Gavin Williamson has been slapped down by Downing Street for apparently suggesting IRA terrorists be given an amnesty from prosecution in order to provide the same protection to British soldiers.
The Defence Secretary wrote to Theresa May, urging her to create a “statute of limitations” for offences during the Troubles in Northern Ireland, in the wake of new plans to examine criminal cases.
He told the Prime Minister that British soldiers who served in the region from the 1970s to the 1990s should have the “protection they deserve”, adding: “If this means a wider amnesty, so be it.”
However, a Downing Street spokeswoman on Friday said: “We cannot countenance a proposal where amnesties would be provided to terrorists.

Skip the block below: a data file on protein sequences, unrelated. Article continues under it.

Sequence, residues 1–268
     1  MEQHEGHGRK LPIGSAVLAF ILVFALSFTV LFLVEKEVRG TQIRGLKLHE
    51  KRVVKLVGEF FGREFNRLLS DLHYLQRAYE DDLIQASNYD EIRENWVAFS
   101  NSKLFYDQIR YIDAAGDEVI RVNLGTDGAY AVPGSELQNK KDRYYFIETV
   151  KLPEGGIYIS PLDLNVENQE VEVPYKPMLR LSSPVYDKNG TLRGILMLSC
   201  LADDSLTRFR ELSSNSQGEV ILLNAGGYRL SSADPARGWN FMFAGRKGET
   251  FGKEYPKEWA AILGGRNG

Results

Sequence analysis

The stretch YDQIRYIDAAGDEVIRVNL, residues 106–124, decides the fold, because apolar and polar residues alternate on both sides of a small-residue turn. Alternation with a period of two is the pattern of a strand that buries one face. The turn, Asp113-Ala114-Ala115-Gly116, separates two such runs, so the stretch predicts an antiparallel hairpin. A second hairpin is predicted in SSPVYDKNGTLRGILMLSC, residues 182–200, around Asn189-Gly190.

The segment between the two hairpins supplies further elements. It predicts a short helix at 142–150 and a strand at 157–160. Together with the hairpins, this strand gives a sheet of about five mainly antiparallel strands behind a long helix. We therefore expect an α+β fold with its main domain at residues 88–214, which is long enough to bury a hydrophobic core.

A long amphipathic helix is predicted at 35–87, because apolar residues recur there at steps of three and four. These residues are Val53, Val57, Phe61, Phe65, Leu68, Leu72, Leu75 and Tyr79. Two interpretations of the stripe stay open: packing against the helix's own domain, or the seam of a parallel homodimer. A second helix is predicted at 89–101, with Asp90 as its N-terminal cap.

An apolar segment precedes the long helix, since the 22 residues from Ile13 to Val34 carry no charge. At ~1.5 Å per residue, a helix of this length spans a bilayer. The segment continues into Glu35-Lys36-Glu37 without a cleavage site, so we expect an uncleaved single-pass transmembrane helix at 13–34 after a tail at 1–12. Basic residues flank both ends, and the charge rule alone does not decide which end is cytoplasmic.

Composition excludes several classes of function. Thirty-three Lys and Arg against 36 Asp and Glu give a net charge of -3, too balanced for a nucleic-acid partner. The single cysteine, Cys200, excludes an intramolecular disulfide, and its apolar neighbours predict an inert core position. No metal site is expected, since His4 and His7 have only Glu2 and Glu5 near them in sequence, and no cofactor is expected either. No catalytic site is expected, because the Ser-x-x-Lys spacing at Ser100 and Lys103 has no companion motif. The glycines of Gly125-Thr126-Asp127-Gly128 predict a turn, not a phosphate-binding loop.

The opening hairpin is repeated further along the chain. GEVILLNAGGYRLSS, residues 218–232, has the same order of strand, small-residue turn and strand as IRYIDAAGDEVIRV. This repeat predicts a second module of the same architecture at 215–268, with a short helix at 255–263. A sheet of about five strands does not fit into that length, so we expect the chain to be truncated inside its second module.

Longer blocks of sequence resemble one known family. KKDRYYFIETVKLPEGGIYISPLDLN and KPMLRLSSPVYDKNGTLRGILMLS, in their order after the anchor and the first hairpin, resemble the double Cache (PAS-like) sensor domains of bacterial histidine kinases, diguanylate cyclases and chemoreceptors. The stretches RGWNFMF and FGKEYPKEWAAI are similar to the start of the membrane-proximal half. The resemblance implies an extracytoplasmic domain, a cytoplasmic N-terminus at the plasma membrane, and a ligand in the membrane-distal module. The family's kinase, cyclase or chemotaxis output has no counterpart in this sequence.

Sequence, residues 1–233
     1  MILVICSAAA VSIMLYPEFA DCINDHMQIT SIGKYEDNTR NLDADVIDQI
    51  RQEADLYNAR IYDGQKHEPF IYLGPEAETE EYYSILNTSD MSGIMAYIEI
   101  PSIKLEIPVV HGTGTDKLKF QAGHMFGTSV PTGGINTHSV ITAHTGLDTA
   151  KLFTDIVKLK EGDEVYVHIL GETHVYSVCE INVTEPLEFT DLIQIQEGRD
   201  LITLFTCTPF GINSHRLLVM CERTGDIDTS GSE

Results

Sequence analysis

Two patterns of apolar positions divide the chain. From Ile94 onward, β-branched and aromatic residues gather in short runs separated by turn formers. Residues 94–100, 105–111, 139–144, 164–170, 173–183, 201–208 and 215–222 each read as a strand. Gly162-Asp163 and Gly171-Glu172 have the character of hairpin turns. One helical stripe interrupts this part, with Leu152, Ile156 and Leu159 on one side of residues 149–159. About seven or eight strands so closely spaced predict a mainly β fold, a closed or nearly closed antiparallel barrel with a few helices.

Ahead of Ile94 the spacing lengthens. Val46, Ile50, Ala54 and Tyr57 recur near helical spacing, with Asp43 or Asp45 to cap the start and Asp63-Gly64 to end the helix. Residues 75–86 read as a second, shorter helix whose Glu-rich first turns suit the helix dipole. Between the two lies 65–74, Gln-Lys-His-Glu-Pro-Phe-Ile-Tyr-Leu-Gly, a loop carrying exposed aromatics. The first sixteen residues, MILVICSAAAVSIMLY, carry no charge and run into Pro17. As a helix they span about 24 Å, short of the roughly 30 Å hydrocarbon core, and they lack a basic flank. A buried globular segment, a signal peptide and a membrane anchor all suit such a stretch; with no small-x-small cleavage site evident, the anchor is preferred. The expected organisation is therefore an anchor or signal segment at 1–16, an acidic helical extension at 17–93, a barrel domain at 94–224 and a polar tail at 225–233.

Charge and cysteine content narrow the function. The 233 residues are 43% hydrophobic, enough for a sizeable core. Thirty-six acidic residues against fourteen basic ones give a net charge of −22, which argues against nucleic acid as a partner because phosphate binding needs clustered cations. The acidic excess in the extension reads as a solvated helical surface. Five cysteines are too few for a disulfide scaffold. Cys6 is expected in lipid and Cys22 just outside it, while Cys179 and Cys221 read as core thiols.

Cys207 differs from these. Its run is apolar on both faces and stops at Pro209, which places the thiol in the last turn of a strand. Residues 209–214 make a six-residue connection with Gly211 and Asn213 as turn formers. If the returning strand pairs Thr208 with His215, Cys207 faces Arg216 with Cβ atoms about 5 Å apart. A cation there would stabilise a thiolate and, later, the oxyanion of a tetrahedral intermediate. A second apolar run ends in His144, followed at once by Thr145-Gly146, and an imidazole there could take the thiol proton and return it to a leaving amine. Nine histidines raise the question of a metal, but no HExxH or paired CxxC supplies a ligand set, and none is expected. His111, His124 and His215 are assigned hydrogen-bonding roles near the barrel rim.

“We owe a debt of gratitude to the bravery of the soldiers and police officers who upheld the rule of law and are accountable to it.”
She insisted there was “no support” in the region for a “Northern Ireland-only statute of limitations”, as she launched a public consultation on other proposals to address unresolved issues from the past.
In the letter reported by the Sun, Mr Williamson argued that such a statute was exactly what was needed.
“If this means a wider amnesty, so be it: in the public mind, the effect of the Good Friday Agreement sentencing reforms, the ‘On the Run’ letters which inadvertently led to the failure of the prosecution of John Downey for the 1982 Hyde Park bombings, and the apparent disproportionate focus of the current investigation on security forces amount to a de facto amnesty for terrorists already.
“It is time to give our veterans the protection they deserve.”
Mr Williamson reacted to the letter on Friday, tweeting: “Bit amazed to see the way this is described.
“The reality is that I’m prepared to go to any lengths to stop this ridiculous vendetta against former service personnel.
“Hopefully that is exactly what other colleagues are also pushing for.”